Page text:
Already the championship battle is looking promising if McLaren can sustain the threat to Ferrari. But was the Scuderia’s disappointing day in Malaysia a one-off, or a sign of things to come?
Having wrested victory from the Ferraris in Sepang Fernando Alonso returns to the scene of a similar victory last year. When the Ferraris and Renaults looked evenly matched at the desert track in 2006, Pat Symonds’ strategic nous helped Alonso score a strategic knockout.
With Alonso and McLaren leading both titles races they have struck an important psychological blow against Ferrari, who appear to have the faster car but not the points to show for it.
In just two races Lewis Hamilton has distinguished himself for being rapid, confident, and imperturbably cool. After his killer starts at Melbourne and Sepang his nearest rivals are all aware from first hand experience what he can do off the line.
But the last stint in Malaysia, when he was up to a second of a lap slower than team mate Alonso on the harder rubber, shows there is still progress to be made. That is both good and bad news for those trying to beat him.
Renault’s expectations that they had turned a corner in understanding the Bridgestone compound did not appear to be realised in Sepang. Having only got Giancarlo Fisichella through to the last round of qualifying in Australia, neither driver made the cut in Malaysia.
Well-managed heavy fuel stints brought both Fisichella and rookie Heikki Kovalainen into the points. But unless either can get on the podium soon serious questions will be asked about whether the maximum performance is being elicited from the R27 in the absence of Alonso.
I can offer two explanations: first, that a combination of problems held the Ferraris back: Raikkonen’s stressed engine, the Saturday night rain at Sepang changing the track surface in unexpected ways, and Felipe Massa’s mistakes in the race.
Either that, or the much-vaunted ‘flexi-floor’ restrictions have hit the team harder than expected.
I’d put my money on the former – but if they struggle again at Bahrain it could be a sign that their wings have indeed been clipped. And it also raises the question of whether these problems would have occurred under the Michael Schumacher/Ross Brawn regime.
Speaking of Ross Brawn – Honda are after him, according to Autosport. Which is heartening because it at least proves that they acknowledge radical change is needed having failed to build on the promise they showed back in 2004.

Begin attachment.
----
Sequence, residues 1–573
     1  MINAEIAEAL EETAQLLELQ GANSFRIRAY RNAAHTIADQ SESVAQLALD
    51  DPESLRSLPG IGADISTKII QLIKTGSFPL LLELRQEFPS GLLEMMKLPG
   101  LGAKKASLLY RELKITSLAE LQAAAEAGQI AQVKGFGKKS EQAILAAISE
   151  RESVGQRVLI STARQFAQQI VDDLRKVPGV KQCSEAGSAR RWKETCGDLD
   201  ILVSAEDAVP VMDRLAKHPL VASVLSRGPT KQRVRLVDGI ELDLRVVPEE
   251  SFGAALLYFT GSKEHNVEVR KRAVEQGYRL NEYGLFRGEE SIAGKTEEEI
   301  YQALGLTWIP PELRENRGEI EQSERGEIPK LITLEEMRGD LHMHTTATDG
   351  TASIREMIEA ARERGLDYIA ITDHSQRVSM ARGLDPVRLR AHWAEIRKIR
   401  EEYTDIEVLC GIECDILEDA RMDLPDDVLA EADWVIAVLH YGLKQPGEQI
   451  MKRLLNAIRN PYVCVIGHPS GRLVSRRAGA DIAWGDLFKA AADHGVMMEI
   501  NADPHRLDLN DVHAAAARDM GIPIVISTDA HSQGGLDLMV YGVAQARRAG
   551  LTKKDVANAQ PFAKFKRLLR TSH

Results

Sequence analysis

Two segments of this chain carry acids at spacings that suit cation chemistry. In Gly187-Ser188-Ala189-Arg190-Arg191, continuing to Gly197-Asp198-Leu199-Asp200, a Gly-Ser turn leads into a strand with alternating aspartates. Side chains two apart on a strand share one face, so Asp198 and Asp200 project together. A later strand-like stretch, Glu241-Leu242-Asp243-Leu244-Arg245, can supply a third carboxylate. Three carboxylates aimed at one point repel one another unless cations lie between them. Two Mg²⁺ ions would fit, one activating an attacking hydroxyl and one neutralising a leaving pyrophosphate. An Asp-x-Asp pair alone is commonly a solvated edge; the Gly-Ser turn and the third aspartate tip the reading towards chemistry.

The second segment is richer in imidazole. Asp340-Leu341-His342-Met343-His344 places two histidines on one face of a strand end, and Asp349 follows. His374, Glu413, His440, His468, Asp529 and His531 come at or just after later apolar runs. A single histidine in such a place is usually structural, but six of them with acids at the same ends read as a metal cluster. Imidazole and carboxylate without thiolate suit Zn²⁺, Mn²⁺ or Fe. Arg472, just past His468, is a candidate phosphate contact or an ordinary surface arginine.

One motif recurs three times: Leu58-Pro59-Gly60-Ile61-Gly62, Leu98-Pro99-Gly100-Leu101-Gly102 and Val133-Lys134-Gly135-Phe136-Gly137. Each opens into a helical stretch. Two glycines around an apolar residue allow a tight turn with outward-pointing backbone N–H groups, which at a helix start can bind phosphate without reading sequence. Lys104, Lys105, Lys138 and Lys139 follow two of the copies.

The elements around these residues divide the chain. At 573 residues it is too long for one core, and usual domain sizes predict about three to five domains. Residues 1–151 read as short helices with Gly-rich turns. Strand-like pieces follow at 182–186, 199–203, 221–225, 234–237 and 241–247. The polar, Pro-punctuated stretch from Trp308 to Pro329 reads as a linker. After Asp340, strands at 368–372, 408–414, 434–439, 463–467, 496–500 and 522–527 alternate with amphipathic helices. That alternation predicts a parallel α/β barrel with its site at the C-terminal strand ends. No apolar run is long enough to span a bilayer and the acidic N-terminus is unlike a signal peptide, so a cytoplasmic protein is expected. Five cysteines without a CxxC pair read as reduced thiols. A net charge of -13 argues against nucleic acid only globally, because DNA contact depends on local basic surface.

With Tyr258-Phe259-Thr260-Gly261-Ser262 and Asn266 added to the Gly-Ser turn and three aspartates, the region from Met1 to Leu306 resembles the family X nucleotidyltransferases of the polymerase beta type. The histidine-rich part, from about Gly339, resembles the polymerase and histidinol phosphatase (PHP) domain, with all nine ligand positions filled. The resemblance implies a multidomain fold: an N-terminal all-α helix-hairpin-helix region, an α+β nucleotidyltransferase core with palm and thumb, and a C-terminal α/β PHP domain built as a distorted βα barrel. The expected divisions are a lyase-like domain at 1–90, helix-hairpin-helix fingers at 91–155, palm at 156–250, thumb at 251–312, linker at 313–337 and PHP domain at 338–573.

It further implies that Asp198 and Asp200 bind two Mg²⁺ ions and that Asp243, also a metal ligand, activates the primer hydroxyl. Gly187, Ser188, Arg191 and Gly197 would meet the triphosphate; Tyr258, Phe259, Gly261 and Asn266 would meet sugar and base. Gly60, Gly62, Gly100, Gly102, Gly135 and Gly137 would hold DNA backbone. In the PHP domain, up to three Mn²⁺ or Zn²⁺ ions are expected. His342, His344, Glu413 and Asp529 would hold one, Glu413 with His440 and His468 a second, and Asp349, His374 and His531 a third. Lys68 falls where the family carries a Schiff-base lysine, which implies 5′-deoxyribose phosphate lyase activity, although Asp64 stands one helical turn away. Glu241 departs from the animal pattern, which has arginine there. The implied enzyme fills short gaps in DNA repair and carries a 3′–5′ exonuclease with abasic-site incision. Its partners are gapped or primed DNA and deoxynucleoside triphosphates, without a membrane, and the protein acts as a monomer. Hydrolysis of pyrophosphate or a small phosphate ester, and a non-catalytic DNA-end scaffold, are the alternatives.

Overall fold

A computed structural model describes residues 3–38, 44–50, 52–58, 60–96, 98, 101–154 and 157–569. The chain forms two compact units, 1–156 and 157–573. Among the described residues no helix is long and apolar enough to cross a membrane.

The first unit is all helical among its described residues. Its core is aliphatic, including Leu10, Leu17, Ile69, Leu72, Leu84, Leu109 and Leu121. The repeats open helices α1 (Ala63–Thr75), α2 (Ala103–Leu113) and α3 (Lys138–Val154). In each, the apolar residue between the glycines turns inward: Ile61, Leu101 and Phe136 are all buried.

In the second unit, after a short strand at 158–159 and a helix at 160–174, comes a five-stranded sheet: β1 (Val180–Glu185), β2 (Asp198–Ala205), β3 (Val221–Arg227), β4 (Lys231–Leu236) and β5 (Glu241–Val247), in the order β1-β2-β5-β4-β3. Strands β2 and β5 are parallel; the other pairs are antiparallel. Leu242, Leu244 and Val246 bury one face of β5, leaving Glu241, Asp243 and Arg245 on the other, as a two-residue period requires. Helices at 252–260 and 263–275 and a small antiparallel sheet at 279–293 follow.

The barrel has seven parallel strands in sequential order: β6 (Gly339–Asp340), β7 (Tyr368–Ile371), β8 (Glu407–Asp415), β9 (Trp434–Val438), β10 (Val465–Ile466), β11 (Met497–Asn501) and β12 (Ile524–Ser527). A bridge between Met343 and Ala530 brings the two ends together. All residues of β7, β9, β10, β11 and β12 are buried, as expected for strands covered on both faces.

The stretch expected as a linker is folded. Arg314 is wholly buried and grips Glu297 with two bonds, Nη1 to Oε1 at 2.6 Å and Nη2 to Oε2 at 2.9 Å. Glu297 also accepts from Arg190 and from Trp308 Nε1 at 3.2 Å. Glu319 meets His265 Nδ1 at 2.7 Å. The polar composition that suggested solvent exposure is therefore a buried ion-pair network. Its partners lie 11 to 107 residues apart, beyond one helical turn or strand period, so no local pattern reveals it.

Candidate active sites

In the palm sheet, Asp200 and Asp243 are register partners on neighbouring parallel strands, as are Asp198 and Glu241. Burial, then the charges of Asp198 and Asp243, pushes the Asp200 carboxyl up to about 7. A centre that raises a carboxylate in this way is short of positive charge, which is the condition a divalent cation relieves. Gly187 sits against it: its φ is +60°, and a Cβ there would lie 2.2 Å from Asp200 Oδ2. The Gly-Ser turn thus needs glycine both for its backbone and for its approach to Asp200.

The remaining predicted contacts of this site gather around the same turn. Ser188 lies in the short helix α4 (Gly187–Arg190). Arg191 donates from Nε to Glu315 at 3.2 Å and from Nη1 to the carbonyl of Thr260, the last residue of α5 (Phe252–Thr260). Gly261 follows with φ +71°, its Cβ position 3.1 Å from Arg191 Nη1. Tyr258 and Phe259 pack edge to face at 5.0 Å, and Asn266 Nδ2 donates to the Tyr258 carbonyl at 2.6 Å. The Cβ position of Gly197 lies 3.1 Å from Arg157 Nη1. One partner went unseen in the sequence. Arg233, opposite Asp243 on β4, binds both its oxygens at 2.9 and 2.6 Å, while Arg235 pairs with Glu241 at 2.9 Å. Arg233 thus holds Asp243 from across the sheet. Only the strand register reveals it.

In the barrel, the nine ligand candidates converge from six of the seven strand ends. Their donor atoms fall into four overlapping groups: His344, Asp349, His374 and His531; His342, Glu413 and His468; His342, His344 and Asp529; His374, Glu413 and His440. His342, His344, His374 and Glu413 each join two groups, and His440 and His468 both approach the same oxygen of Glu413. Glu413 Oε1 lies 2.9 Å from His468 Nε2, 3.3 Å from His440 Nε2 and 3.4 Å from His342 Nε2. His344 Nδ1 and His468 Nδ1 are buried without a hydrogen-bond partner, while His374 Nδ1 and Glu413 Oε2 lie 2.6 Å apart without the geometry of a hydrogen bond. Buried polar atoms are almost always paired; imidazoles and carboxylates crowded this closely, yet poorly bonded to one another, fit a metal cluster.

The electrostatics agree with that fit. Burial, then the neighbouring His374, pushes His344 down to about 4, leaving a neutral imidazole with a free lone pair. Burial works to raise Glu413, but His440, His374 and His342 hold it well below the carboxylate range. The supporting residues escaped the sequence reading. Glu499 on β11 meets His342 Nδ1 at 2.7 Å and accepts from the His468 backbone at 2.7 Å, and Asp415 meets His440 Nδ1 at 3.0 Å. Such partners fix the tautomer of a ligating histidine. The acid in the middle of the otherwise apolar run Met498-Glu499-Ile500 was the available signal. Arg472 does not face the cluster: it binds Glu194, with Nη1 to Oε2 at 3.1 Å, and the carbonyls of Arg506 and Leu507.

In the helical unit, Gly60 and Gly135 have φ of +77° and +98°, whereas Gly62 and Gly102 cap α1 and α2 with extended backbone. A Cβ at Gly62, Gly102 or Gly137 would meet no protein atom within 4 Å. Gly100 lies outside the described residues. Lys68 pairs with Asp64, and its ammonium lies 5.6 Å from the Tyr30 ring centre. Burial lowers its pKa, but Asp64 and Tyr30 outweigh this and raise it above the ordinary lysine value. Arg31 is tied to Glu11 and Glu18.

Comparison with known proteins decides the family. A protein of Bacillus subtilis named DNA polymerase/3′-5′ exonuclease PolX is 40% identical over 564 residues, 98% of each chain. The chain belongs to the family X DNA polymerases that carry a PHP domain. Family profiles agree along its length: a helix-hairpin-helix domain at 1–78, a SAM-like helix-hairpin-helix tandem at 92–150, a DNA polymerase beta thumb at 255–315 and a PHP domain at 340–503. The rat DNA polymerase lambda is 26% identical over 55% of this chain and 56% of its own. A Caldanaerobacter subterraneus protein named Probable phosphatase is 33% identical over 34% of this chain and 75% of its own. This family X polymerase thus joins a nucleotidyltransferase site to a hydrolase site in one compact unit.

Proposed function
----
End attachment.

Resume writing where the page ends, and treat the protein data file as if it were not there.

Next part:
It’s not clear what the present team are doing about the car – besides screwing up race preparation, according to Rubens Barrichello. But it’s unlikely to have any effect in the week between Sepang and Bahrain. Barrichello and Jenson Button just have to brace themselves for the worst.
Nick Heidfeld and Robert Kubica faced similar races in Sepang to what they had in Melbourne. Heidfeld qualified well, took some solid points and finished ahead of Massa. Kubica surprisingly didn’t match his team mate in qualifying and then suffered reliability problems in the race.
For a team that are targeting fourth in the championship, comfortably running third and nipping at the heels of the leading teams is not to be sniffed at. But can they deliver more?
From complete anonymity in pre-season testing Toyota have started both races so far from the top ten.
Equally baffling is the subsequent race pace of their cars – Jarno Trulli drove a solid race to seventh in Malaysia while Ralf Schumacher plummeted towards the back of the field.
So how will they fare in Bahrain? I have no idea. Neither the team nor drivers seem to exhibit much in the way of consistency. All I’m prepared to predict is that they’ll be there and the cars will be predominantly white and red. And no-one will care.
At Sepang, both drivers made it through the first phase of qualifying. Good. In the race, David Coulthard fell foul of another niggling design fault with Adrian Newey’s RB3, when the brake pedal and steering column began fouling each other. Bad.
But there are clear signs of progress. Webber finished tenth and still on the lead lap. Not only did he prove the package can do back-to-back races – including the heat of Sepang – he was pushing Alexander Wurz hard at the end. With a decent qualifying position in Bahrain this car could finish in the points.
The grim spectre of Williams’ nightmare 2006 reliability reared its head in Sepang as both drivers lost potential points finishes to car failures.
Alexander Wurz’s occurred in qualifying and left him 20th on the grid, from which he recovered brilliantly to ninth. Nico Rosberg’s car failed as he was within a handful of laps of bringing it home in the points.
Is this a one off? Whatever happens the drivers must keep the faith, particularly Rosberg who was scintillating in Bahrain last year.
Scuderia Toro Rosso-Ferrari
Vitantonio Liuzzi got the car through the first phase of qualifying for the first time, but team mate Scott Speed beat him in the race.
The team seem to be coping at least as well with the RB3’s closest relative (i.e. identical twin) as Red Bull senior are managing, but surely Gerhard Berger will be expecting his drivers to take the fight to Webber and Coulthard soon.
But not having tested at Bahrain in the off season will hurt them compared to closest rivals Super Aguri and Toro Rosso. Getting both cars to the finish ahead of at least one rival will be a result.
There was no repeat of the dizzying highs of Melbourne for Super Aguri last weekend – in fact, both Takuma Sato and Anthony Davidson had rather ordinary races.
It remains to be seen whether their refined RA106 is a better option than the RA107 – at the moment it’s a no-score draw. If the team really are going to spend the season in the lower midfield it will be a letdown after the promise of Melbourne, and Interlagos last year.